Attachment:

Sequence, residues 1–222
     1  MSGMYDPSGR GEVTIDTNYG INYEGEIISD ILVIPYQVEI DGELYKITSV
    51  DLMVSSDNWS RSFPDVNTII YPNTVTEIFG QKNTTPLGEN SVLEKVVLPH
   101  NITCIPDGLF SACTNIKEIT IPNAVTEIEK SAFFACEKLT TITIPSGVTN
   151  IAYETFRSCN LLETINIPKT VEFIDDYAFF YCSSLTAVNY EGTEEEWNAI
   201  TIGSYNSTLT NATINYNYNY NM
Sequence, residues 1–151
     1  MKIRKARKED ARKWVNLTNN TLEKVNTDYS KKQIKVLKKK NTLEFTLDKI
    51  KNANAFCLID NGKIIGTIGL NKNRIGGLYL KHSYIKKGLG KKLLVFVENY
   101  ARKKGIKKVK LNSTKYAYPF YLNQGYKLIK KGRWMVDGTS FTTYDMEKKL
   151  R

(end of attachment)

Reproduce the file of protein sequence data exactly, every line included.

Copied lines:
Sequence, residues 1–222
     1  MSGMYDPSGR GEVTIDTNYG INYEGEIISD ILVIPYQVEI DGELYKITSV
    51  DLMVSSDNWS RSFPDVNTII YPNTVTEIFG QKNTTPLGEN SVLEKVVLPH
   101  NITCIPDGLF SACTNIKEIT IPNAVTEIEK SAFFACEKLT TITIPSGVTN
   151  IAYETFRSCN LLETINIPKT VEFIDDYAFF YCSSLTAVNY EGTEEEWNAI
   201  TIGSYNSTLT NATINYNYNY NM
Sequence, residues 1–151
     1  MKIRKARKED ARKWVNLTNN TLEKVNTDYS KKQIKVLKKK NTLEFTLDKI
    51  KNANAFCLID NGKIIGTIGL NKNRIGGLYL KHSYIKKGLG KKLLVFVENY
   101  ARKKGIKKVK LNSTKYAYPF YLNQGYKLIK KGRWMVDGTS FTTYDMEKKL
   151  R